FOAM AUTUMN TALK: Author and historian Malcolm Pratt will be giving his talk on: Post War Winchelsea - Life in the Town 1946-1966 tomorrow, Saturday, at 2.30pm in the New Hall and all are most welcome. The Friends of the Ancient Monuments in Winchelsea have organised the talk which will be followed by afternoon tea and the charge on the door is £5 which includes tea, sandwiches and cake.
GMT: British Summer Time is almost over and it is time to look forward to lighter mornings and an extra hour in bed on Sunday. This is when the clocks go back one hour at 2am or before you go to bed. Over the winter the country reverts to Greenwich Mean Time to save on energy but there can be no great savings as it simply gets darker earlier.
PLANT SALE: Winchelsea Garden Society has arranged a plant sale taking place on Saturday October 31 to raise money for the Mayoress’ charity St Michael’s Hospice, for Hospice at Home. The sale will be in the Lower Court Hall from 10am to 1pm and the plan is to auction the more expensive objects. Items on sale will include plants, garden sundries such as containers, tools and gloves plus a second-hand book stall majoring on horticulture and a high class bric-a-brac stall. Friends, neighbours and crowds are invited to come along and buy in aid of the charity and coffee and tea will be available from 10am onwards.
HALLOWEEN DANCE: My apologies for writing in last week’s Village Voice that the Halloween Dance in the Community Hall was last Saturday evening. The correct date is tomorrow, Saturday, from 7.30pm till 10.30pm and tickets are currently on sale from Hugh at Suttons in Sea Road or contact 01797 224820. To get everybody on their feet the band Ricochet will be providing a good mix of live music and a fish ‘n chip supper is included in the £10 admission, with proceeds in aid of St Michael’s Hospice and Winchelsea Beach Community Association.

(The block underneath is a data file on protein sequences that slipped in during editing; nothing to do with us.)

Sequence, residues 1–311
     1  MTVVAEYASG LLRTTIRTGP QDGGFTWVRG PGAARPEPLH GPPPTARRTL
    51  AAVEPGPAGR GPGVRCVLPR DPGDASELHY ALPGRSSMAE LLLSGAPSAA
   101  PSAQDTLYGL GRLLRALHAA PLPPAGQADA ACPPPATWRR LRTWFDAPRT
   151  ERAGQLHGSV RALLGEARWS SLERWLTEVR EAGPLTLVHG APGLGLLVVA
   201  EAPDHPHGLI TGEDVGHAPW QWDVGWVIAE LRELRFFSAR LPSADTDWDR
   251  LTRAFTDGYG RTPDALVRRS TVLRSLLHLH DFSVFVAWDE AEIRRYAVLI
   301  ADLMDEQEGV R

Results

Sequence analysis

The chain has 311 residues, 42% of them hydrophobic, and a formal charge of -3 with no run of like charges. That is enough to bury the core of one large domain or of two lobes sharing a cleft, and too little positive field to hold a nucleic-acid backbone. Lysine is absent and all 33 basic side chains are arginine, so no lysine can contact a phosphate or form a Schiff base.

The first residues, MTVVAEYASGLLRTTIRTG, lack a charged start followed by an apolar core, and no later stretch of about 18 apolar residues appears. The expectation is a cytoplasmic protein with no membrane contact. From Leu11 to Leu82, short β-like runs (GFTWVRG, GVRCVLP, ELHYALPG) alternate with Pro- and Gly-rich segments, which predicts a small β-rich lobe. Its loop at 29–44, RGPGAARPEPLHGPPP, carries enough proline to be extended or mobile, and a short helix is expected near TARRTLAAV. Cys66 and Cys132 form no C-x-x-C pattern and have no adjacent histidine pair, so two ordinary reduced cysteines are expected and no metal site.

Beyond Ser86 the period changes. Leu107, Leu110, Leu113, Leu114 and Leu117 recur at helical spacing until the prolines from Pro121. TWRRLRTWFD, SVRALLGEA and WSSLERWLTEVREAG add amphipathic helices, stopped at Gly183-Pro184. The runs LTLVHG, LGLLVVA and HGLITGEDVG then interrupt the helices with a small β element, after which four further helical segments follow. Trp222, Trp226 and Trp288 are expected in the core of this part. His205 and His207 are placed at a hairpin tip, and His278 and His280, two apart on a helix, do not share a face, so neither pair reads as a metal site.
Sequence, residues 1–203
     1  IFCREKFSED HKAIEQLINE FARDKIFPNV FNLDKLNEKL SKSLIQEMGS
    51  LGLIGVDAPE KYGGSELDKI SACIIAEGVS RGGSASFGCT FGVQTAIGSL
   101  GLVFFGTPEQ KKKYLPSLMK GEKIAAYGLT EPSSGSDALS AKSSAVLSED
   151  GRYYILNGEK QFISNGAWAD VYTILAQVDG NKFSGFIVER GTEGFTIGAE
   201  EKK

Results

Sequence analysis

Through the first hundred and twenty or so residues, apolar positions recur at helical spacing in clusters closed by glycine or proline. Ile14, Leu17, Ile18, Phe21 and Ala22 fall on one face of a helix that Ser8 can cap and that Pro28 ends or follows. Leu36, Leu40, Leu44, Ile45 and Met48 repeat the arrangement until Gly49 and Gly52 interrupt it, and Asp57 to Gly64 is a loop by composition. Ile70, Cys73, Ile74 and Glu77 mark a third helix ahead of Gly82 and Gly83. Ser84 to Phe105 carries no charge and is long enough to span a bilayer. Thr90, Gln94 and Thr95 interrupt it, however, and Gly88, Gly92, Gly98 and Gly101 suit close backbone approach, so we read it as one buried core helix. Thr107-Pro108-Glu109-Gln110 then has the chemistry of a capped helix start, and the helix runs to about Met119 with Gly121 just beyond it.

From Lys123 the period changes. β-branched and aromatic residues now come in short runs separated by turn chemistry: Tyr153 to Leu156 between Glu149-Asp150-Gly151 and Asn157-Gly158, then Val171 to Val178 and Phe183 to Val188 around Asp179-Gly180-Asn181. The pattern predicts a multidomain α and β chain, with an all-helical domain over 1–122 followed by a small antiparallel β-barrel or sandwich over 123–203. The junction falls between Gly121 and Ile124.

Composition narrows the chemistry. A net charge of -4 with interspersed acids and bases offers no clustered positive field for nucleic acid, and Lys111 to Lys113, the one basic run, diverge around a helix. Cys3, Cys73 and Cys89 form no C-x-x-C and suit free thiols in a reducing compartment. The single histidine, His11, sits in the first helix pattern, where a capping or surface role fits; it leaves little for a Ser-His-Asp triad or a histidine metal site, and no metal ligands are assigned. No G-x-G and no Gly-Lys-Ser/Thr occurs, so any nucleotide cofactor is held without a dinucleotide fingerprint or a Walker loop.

FLOOD WATCH: The second public meeting on flooding at Winchelsea Beach took place last Saturday morning in the Community Hall. MP Amber Rudd chaired the meeting which was once again attended by representatives from the Environment Agency, Southern Water, the Romney Marsh Drainage Board, Rother District Council and Icklesham Parish Council, along with Cllr Sally-Ann Hart and a large audience from the locality. The aim of the meeting was to discuss what action had been taken since the last meeting earlier this year, to amend the problems of flooding in the area due to heavy rainfall. As the meeting proceeded it became apparent that very little progress had been made and instead much of what had been said last time was reiterated but with less panache than before. There was general agreement over the main cause of the flooding which was considered to be the result of a high level of surface water overloading the sewage system during heavy rainfall. However the cause of the excessive amount of surface water was clearly a matter of dispute with members of the audience heatedly debating with the agencies as to why they were not being listened to. At the last meeting the issue of the drainage ditches, also referred to as dykes or sewers was raised as work that needed urgent attention and it was a case of déjà vu at the current meeting when the matter had to be raised again because no action had been taken to improve them. These ditches which had always served to keep the land well drained were now either in disuse through lack of maintenance or they had been tarmacked over during building projects. Some regarded the caravan park to be at fault in this instance as it was thought that, to make way for the park drainage ditches had been filled in and built over thus causing the flooding which the park has experienced in the last few years. It was also pointed out that since the number of residents in the area had increased it would therefore make sense to replace the present sewage pipe with a much larger pipe to deal with the additional pressure when it rained. During flooding it appears that large quantities of water seeping into the ground can leak into the sewage pipes as they are not completely sealed off and this would add to the overflow. It is a cyclical process whereby heavy rainfall lays on the ground until it is absorbed after which much of it flows into the sewage pipes and causes an overflow which leads to the water resurfacing as sewage back onto the land. The meeting concluded with an action plan which involved Southern Water obtaining more specific evidence to clarify the cause of the surface water and to support the caravan park if necessary to assist in rectifying the drainage system. A representative from the caravan park would also be invited to the next meeting which would convene in about twelve weeks. As for the dormant and overgrown ditches in the area, if a team of workers were paid to dig them out and bring them back into working order this alone would make a difference in reducing much of the flooding.
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